How global teamwork revealed the mystery at the heart of our galaxy Understand article

This is the story of how scientists created an image of the region around the black hole at the centre of our galaxy by combining many telescopes into one virtual telescope the size of the Earth.

The idea that light could be affected by gravity is actually quite a strange one that was triggered by Einstein’s landmark paper on General Relativity in 1916. He proposed that a mass warps space and time in such a way that light is forced to change direction (figure 1).

This very effect was validated by observations of the solar eclipse in 1919 and is exerted by a force called gravity, which has some special properties.[1] Since then, countless physicists and astronomers have been getting to grips with the mind-bending implications of this discovery.

Figure 1: Illustration of the deflection of star light in the vicinity of the sun as visible during a solar eclipse. Top: Star field around the sun. Middle: The same star field, but in the absence of the sun. Bottom: Comparison of the real position of a star and its apparent position.
Image: © NASA’s Cosmic Times


Gravity is a very special force; it is the only force that you do not feel when it is the sole force acting. In free fall without air resistance, all experiments behave as if they were carried out in zero gravity, i.e. as if the force of gravity isn’t working. Albert Einstein’s theory of General Relativity describes gravity as the effect of the geometry of space-time on a mass. If space-time is flat because no other mass curves it, then the mass behaves as if no force were acting on it. If space-time is curved by the presence of other masses, then this geometry determines the motion of the mass. Consider two people standing at the Earth’s equator travelling due north. As they travel, along a meridian, they come closer and closer to each other until they meet at the North Pole – not because an attractive force is acting between them, but because the geometry of the earth forces them to do so.

One of the implications of the special properties of gravity is the black hole – an object with such a strong gravitational pull that it warps space-time so intensely that not even light can escape its reach, making observations of them notoriously difficult. Investigating the light emitted or reflected by an object is one of the best ways to learn more about it, and without this source of information many aspects of black holes remain a complete mystery. For example, we do not know what happens in the domain from which no light, and thus no information, can reach us, or how the most massive of them came into existence – some black holes are inexplicably millions or billions of times the mass of our Sun.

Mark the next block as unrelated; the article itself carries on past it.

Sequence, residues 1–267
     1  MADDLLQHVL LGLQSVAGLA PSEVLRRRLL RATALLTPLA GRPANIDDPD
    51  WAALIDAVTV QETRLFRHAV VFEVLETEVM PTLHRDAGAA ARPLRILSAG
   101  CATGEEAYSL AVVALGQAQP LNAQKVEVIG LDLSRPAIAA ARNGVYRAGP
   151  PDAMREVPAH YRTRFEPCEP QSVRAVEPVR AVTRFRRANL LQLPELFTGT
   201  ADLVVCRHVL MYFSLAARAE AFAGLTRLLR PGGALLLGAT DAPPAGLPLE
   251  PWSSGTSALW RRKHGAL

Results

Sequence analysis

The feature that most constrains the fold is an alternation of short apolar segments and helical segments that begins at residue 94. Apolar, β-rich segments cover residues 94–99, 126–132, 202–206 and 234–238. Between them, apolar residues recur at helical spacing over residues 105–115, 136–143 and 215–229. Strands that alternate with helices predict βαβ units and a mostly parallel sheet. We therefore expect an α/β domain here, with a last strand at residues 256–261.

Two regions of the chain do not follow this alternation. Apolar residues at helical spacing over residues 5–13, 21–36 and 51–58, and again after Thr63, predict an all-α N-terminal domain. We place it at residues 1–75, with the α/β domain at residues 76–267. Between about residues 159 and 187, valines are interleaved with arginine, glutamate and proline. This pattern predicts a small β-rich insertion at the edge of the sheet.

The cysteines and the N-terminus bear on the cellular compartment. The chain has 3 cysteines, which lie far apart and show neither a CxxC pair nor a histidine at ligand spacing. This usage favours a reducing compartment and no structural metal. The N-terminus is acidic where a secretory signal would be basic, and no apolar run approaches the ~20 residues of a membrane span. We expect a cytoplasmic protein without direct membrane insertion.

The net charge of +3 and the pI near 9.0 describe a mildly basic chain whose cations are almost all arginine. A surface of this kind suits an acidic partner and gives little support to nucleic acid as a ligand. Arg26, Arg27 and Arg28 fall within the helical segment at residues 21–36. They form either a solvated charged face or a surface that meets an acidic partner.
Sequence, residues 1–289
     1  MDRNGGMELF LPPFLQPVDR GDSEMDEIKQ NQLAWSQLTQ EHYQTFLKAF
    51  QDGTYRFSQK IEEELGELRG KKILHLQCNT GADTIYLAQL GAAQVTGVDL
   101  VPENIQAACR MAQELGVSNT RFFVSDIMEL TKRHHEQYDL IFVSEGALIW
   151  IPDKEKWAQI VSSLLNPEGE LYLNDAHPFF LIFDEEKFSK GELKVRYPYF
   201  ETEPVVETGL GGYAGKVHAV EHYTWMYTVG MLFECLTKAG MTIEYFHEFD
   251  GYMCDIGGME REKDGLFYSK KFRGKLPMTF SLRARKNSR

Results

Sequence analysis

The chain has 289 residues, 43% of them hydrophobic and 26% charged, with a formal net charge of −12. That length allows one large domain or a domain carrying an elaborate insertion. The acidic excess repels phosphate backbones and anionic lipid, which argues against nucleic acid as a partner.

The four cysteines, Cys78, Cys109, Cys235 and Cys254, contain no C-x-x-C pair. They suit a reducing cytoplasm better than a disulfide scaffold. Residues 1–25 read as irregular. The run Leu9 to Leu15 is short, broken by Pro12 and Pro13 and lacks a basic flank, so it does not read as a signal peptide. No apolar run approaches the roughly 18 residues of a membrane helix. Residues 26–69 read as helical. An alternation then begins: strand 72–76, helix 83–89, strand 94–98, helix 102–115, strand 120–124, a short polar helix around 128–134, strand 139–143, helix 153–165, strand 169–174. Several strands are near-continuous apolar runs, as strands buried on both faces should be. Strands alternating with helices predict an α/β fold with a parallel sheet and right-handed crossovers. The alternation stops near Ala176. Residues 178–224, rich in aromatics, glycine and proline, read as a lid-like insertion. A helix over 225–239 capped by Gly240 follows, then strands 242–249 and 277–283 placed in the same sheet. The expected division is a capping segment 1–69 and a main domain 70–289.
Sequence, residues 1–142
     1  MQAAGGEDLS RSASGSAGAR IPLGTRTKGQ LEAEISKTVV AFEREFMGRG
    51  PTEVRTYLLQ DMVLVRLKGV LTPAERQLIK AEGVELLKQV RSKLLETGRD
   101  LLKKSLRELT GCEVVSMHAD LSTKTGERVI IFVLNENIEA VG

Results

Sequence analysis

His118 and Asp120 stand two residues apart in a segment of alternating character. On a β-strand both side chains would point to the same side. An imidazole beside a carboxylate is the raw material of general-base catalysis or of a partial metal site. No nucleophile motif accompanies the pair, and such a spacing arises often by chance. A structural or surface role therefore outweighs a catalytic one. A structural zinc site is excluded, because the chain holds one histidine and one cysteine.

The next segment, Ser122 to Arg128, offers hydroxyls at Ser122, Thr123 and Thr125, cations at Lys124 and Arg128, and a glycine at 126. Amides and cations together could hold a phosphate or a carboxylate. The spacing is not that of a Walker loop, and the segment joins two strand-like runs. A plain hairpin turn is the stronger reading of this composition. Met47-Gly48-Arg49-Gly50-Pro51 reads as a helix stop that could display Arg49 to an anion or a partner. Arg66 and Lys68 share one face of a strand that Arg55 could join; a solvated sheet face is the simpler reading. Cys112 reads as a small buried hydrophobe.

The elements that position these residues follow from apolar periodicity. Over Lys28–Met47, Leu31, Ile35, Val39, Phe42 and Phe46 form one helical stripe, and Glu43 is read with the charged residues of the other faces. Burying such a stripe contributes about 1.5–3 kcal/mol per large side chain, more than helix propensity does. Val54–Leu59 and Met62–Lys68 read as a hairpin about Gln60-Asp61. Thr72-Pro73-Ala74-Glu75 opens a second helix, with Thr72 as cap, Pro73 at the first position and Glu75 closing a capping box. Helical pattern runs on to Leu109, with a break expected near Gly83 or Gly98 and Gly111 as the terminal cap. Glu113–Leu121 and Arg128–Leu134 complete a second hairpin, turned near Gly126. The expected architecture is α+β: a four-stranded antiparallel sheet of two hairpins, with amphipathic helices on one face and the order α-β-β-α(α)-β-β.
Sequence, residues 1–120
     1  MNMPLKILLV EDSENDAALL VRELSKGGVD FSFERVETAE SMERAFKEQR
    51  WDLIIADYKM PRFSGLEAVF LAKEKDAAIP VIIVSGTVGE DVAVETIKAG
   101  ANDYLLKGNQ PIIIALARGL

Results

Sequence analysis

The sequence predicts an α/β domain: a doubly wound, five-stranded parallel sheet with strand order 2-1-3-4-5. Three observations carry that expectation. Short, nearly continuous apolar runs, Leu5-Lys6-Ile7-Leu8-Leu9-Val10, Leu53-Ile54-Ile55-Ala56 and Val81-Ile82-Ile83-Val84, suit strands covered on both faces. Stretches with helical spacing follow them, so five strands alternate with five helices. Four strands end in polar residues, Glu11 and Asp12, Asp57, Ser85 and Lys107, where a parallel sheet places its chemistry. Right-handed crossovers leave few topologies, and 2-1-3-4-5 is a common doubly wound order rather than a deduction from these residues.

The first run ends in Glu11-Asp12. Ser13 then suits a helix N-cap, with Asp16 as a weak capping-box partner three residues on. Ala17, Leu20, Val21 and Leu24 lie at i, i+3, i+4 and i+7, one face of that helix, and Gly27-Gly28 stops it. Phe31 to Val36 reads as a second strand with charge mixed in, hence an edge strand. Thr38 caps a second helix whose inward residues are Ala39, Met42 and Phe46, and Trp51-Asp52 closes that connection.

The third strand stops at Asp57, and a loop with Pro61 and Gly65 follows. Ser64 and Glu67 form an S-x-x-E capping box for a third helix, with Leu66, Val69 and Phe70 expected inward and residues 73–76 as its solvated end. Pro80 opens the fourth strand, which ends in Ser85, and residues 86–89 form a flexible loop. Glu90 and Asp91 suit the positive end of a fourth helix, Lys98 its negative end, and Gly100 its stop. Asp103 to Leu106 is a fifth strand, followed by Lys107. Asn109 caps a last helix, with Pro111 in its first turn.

Some of these questions will likely forever remain unanswered. However, there is much that can be learned from studying black holes. They are some of the most extreme environments in the universe and places where our models of physics break down. Black holes are extremely small compared to other objects in space with identical masses and so their density is enormous. A black hole with five times the mass of the Sun will hide all its secrets within a sphere with a radius of 15 km.

Seeing the invisible

Due to their nature, observations of black holes have always been indirect, that is, by observing the extreme motion of nearby objects that could only be explained by the presence of a black hole (figure 2). It is similar to how, even though you may be indoors, you can still tell that it’s windy from the swaying trees and flying leaves, despite not being able to see or feel it for yourself.

In this way, astronomers observed stars towards the centre of our galaxy moving extremely fast. Reaching speeds in excess of 7600 km/s, these stars would make the journey from the Earth to the Sun in less than six hours. To keep these stars on their orbits around the centre, an extraordinarily massive object is required to exert the necessary gravitational pull – a black hole with four million times the mass of the Sun. Named Sagittarius A* (Sgr A*) due to its position in the Sagittarius constellation as seen from Earth, we now know it as the supermassive black hole at the centre of the Milky Way. To learn more about Sgr A*, a collective international effort was made to image it, and the Event Horizon Telescope (EHT) collaboration was formed.[2]

Figure 2: Orbits of stars around the black hole at the heart of the Milky Way
Image: ESO/L. Calçada/, CC BY 4.0

Imagining the invisible

Since a black hole itself doesn’t emit light, the EHT focused on imaging the surroundings of Sgr A*. Around some of these ultra-compact objects, a disk of dust and gas is formed from which matter spirals into the black hole, crossing the point of no return, or event horizon (figure 3). The inner regions of the disk circle the black hole at immense speeds, which heats them and causes them to glow brightly. This glow originates outside the event horizon and can thus be seen by outside observers. This is what astronomers planned to image by using the aptly named EHT.